The problem is that the hope represented by those phrases has remained still-born – those phrases have been presented to a Kashmiri audience, on occasion, but they have not been allowed to become part of India’s mainstream political imagination. The mainstream Indian political and cultural imagination continues to be shaped by the “cheer denge” discourse and its variations. In an age where the line between television news and entertainment has been blurred, the coverage of Kashmir by influential television channels has dropped to the level of the average Bollywood patriotic potboiler, with one-dimensional characters (the evil terrorist, the brave soldier). In that uni-dimensional world, there is simply no room for the people of Kashmir, let alone for the history of the Kashmir problem.

Such coverage drags us all inexorably away from the possibility of a solution in Kashmir, from an end to the bloodied, sightless eyes and pellet- and bullet-riddled, pain-filled bodies of Kashmiri children, youngsters, and people.

In a recent article and in a live video-interview on Kashmir, I had appealed to Indian citizens to mute the TV and read up on Kashmir – read, not to reassure themselves that “Kashmir is an integral part of India” but to understand why so many Kashmiris assert otherwise. Even if you don’t believe that secession is the answer, it is important that we at least frame the question correctly: that we understand why the right to self-determination is the political question in Kashmir.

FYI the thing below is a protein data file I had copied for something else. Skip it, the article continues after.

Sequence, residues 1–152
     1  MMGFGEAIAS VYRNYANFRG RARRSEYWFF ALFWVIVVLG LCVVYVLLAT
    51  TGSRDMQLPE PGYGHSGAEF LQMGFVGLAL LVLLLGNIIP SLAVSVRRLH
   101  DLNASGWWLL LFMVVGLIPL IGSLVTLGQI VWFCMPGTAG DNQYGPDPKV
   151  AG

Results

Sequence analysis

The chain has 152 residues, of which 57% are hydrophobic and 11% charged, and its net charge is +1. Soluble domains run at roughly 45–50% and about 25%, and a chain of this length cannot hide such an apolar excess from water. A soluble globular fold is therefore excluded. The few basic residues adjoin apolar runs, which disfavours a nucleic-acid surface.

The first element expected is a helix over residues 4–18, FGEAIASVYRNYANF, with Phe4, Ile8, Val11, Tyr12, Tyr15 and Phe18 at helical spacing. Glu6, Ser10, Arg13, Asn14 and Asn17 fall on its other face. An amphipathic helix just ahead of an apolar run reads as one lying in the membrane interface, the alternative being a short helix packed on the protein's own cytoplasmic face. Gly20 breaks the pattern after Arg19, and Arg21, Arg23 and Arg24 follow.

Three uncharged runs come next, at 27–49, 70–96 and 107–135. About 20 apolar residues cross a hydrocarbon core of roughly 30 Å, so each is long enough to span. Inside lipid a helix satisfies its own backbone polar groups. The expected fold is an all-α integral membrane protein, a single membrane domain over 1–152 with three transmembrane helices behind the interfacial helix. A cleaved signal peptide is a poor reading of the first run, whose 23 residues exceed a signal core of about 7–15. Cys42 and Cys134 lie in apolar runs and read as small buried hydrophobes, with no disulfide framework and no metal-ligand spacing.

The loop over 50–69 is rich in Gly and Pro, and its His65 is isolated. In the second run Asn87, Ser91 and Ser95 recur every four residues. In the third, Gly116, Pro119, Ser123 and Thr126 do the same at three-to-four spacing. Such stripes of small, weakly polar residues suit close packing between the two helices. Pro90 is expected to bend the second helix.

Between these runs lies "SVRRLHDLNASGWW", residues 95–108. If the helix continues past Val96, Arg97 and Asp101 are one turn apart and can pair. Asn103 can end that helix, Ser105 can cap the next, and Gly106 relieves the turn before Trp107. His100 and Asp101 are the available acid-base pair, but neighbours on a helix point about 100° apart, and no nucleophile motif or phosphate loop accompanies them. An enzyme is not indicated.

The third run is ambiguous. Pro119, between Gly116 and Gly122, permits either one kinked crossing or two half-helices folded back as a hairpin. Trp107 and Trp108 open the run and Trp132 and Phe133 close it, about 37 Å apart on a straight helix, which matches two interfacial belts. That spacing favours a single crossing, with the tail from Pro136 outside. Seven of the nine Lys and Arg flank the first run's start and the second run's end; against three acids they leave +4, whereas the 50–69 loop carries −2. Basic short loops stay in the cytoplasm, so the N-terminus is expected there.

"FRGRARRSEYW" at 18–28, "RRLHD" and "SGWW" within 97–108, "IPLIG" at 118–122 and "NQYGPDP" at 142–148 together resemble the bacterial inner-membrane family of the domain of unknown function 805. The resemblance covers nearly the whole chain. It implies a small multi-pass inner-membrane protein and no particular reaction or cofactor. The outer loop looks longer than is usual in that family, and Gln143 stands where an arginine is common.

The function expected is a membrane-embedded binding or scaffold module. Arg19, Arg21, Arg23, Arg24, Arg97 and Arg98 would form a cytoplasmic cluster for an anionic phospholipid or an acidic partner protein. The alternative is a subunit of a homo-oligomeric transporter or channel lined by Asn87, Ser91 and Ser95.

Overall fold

In response to many queries about where to begin reading on Kashmir, I drew up a list of materials in a Facebook post. In the thread of comments, the list grew. I am now elaborating a little on that reading list. More than a reading list, I think of this as a road-map to an empathetic conversation with the people of Kashmir.

A disclaimer, before I begin: inclusion in this list does not imply that I endorse the perspective of the works in question. It should go without saying that one may benefit even from reading books with which one disagrees.

Where To Start?

The average Indian citizen who is new to the Kashmir issue may choose to start with the pain of human beings of Kashmir, and move from there to the history of the Kashmir problem. That way, the human pain of Kashmir may act as a compass in the maze of historical material on the Kashmir problem. Or you may, of course, start the other way around – and begin your reading with the history of Kashmir conflict, in which the pain and suffering of the Kashmiri people is rooted.

Rights Violations in Kashmir